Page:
Child welfare workers develop action plan

By Daniel Silliman


Those who work with Clayton County's child welfare system say their top challenges are:

· Reducing the number of children removed from parents.

· Creating consistency in case management, so children aren't shuffled from caseworker to caseworker.

· Creating stability in the fostering of older children.

At a "Justice for Children Summit" last month, more than 50 people from more than half a dozen county agencies, and organizations, put together the plan that listed the three toughest challenges -- and the strategies to meet them.

A review of the statistics, compiled by the Georgia Supreme Court's Committee on Justice for Children, showed Clayton County is ahead of many other counties in some areas, but still faces some seemingly intractable problems.

"There are a lot good things Clayton County is doing, based on the data," said Steven C. Teske, a juvenile court judge. "Well, that's fine, but where can we continue to improve?"

At the end of the day-long summit, the child-welfare workers broke up into five groups and looked at the three identified problems. They listed strategies with time frames between 90 days and 15 months.

According to the action plan, more than 10 percent of the children who are removed from their homes, are re-unified with their parents within 72 hours. The statewide average is a 10-percent rate of 72-hour removal-and-reunification, and the county child welfare workers would like to be at that same rate.

Strategies for change included evaluating 35 of these cases and finding common traits; increasing collaboration between agencies; having a Department of Family and Children Services worker on staff overnight to better direct the placement of children; and working to more quickly identify possible relatives who could care for children.

Teske said he personally has made a change, after the summit, in an attempt to reduce the remove-return rates. At an early hearing, the juvenile judge is now asking parents, under oath, "Are there any other relatives that are out there?"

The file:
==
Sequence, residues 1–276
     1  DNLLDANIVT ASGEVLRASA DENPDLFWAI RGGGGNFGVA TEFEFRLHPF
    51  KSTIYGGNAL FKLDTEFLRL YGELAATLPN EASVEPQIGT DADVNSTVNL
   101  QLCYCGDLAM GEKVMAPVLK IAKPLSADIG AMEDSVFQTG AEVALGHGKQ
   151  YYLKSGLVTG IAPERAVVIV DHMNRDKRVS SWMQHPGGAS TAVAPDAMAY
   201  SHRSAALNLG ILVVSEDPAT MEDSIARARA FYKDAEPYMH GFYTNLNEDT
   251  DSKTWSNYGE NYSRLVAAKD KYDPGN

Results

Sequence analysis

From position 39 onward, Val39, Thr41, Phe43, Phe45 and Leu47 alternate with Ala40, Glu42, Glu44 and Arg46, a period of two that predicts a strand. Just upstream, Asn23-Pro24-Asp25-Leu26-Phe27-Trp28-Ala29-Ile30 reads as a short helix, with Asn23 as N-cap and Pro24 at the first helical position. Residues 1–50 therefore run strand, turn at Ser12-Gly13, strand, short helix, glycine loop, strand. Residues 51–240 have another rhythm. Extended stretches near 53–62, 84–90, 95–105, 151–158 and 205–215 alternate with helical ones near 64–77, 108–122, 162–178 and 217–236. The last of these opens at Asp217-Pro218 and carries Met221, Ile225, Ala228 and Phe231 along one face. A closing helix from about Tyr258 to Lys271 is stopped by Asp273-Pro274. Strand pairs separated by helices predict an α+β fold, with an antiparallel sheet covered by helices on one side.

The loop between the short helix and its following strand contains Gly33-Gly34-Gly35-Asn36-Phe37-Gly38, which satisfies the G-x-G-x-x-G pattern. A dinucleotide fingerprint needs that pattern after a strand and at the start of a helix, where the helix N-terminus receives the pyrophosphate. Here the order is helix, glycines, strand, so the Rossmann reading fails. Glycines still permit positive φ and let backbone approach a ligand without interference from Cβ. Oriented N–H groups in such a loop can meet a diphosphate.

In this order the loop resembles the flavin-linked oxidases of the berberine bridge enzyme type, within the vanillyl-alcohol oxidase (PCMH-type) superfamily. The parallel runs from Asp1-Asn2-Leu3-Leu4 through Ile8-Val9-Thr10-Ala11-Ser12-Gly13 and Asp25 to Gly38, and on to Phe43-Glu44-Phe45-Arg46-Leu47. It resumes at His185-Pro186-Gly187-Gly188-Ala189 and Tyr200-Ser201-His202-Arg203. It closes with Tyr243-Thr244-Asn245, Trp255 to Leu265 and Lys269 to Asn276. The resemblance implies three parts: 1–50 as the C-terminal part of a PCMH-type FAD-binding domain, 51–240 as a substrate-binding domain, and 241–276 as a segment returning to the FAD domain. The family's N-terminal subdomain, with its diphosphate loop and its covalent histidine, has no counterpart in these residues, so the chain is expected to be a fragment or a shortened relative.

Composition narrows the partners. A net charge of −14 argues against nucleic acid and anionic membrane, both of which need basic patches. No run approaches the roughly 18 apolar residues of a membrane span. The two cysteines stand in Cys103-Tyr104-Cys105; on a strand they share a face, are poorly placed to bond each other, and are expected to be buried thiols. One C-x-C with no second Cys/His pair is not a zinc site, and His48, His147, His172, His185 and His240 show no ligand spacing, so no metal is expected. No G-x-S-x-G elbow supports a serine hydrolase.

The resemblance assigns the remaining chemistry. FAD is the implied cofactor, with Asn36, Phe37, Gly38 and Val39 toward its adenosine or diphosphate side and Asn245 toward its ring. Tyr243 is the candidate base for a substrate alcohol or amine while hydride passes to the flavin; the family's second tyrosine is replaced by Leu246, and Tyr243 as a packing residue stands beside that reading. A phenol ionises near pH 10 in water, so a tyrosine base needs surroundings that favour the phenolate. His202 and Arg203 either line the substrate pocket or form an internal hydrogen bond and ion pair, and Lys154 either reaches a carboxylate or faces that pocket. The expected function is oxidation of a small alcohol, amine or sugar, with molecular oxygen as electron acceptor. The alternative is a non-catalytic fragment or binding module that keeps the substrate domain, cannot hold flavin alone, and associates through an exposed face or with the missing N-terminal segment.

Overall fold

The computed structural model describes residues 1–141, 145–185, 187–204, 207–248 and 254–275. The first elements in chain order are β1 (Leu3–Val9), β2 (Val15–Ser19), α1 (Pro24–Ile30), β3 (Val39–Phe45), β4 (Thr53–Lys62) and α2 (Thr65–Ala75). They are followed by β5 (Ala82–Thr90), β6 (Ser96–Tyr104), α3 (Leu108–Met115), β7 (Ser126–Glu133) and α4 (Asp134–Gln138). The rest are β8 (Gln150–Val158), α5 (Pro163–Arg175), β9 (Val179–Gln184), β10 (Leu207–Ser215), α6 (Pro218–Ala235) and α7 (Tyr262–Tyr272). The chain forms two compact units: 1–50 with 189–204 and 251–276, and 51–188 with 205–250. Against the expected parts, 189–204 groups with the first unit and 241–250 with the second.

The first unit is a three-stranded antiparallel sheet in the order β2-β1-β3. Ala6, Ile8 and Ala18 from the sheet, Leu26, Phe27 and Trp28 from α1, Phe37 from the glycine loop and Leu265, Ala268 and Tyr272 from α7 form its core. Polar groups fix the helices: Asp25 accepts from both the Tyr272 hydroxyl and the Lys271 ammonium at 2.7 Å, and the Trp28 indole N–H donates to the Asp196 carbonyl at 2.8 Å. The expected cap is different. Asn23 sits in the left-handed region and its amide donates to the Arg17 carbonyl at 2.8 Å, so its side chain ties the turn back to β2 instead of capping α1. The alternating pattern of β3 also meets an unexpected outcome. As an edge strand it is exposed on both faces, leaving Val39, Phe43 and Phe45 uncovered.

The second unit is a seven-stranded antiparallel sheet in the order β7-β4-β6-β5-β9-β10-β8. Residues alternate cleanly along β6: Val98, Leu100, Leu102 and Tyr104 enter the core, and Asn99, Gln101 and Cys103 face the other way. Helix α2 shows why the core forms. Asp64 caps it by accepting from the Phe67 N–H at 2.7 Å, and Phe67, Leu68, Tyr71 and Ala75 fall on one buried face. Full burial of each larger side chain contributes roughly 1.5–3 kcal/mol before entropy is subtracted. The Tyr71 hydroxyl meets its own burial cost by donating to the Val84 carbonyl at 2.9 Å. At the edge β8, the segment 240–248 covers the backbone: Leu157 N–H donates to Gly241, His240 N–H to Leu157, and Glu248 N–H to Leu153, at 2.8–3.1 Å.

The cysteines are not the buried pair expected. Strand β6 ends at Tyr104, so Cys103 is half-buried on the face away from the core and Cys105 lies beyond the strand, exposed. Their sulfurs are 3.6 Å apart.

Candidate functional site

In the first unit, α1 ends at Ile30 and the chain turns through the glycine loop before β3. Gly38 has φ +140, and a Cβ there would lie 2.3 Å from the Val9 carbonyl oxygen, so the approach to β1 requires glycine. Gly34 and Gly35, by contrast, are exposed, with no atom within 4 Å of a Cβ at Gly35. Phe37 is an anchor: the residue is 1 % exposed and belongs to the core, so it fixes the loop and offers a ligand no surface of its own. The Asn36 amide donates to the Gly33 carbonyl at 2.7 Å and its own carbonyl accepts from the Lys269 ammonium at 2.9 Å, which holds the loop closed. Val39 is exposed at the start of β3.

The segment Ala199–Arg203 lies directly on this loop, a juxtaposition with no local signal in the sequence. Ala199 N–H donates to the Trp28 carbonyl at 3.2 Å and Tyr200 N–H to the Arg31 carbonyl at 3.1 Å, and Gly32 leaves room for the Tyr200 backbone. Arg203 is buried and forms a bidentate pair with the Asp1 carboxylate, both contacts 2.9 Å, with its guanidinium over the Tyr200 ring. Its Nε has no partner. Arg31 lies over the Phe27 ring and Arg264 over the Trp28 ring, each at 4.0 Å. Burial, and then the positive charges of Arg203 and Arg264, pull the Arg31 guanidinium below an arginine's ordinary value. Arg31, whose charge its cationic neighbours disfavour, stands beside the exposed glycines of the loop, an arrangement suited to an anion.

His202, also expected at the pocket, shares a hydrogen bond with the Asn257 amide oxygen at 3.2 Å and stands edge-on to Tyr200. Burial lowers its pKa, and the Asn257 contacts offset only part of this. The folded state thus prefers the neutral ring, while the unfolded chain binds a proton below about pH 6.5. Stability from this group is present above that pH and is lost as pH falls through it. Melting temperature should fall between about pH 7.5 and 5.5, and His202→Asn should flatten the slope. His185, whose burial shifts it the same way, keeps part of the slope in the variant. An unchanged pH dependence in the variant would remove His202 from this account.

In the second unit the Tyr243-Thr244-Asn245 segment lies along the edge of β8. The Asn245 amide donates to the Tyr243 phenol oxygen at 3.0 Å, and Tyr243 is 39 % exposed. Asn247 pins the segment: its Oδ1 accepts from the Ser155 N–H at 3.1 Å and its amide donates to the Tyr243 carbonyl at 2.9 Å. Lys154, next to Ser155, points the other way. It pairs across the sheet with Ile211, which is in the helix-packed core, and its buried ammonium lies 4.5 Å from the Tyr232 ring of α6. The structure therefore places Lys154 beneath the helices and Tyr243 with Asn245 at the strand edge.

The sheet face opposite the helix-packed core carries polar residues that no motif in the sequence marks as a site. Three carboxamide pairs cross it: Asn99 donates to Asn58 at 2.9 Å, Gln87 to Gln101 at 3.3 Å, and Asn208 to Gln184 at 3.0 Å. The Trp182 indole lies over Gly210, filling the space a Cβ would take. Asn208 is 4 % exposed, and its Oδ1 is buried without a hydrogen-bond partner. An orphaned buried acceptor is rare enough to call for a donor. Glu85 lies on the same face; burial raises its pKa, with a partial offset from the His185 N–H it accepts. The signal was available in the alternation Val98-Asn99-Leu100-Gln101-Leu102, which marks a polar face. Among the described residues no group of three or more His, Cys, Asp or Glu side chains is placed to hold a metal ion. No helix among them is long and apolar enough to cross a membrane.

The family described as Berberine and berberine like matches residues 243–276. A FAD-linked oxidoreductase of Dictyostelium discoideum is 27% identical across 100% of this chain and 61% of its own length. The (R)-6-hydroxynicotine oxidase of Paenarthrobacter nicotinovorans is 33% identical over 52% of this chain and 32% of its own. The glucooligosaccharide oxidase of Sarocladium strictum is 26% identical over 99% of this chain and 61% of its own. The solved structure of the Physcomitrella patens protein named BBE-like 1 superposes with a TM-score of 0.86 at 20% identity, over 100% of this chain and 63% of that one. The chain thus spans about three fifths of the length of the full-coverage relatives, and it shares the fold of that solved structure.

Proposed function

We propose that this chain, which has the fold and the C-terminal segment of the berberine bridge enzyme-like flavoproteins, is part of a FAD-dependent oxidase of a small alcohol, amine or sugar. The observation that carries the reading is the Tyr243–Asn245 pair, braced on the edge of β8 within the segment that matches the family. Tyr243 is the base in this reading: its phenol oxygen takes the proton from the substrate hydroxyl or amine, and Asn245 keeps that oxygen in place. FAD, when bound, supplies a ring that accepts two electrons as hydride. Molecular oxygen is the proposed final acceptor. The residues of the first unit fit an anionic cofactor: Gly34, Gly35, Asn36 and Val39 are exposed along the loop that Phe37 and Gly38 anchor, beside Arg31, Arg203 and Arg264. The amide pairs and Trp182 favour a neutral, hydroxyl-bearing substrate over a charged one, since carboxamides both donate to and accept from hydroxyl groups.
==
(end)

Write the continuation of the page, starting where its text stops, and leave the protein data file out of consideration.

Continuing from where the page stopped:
The goal, according to Teske, is to get the children into a family-like situation as soon as possible. If they don't have to be removed, they shouldn't be, and if removed children can be placed with a relative they know, that's preferable to foster care.

"The sooner we can check out relatives, the better," Teske said.

For the children who do, because of their situation, need to be thrust into the care of the state and strangers, the county's child welfare workers would like to see one case worker handling each case from beginning to end. For these children, Teske said, everything in their lives has been thrown into chaos, and some point of consistency is desperately needed. In one case, cited by the juvenile judge, a single child in foster care was handled by more than 100 different case workers.

The action plan identifies the key problem as case worker burn-out, caused by the highly stressful, low-paying job.

Suggested solutions included: limiting case loads; putting a maximum cap on the number of cases given to one person, and allowing for increased cooperation and collaboration with other agencies and child-welfare workers.

Stability appears to be key in child welfare. Tackling a third challenge, the action plan sets the goal of increasing stability in the lives of teens and the special-needs children in foster care, by decreasing the number of moves they make.

As stability increases, Teske said, "we see results on a number of levels. We see a decline in delinquency cases and unruliness cases, and we see an increase in graduation rates, employment, and in the pursuit of post-high school education opportunities. The goal of stability is to achieve pro-social behaviors."

Steps to increasing stability, outlined in the "Action Plan," include giving foster parents a 10-day break to alleviate stress; allowing foster parents to express needs at the citizen review panel; increasing involvement of the Court Appointed Special Advocates; increasing training.

The action plan has been sent to the Committee on Justice for Children. As the county agencies and organizations turn in reports and gather data from their ongoing work, the committee will compare the results with the goals. That has already begun, Teske said, as statistics are calculated.

Another summit will be held in 2009, allowing those who work in the county's child welfare system to re-analyze the strengths and the needs of the county's system.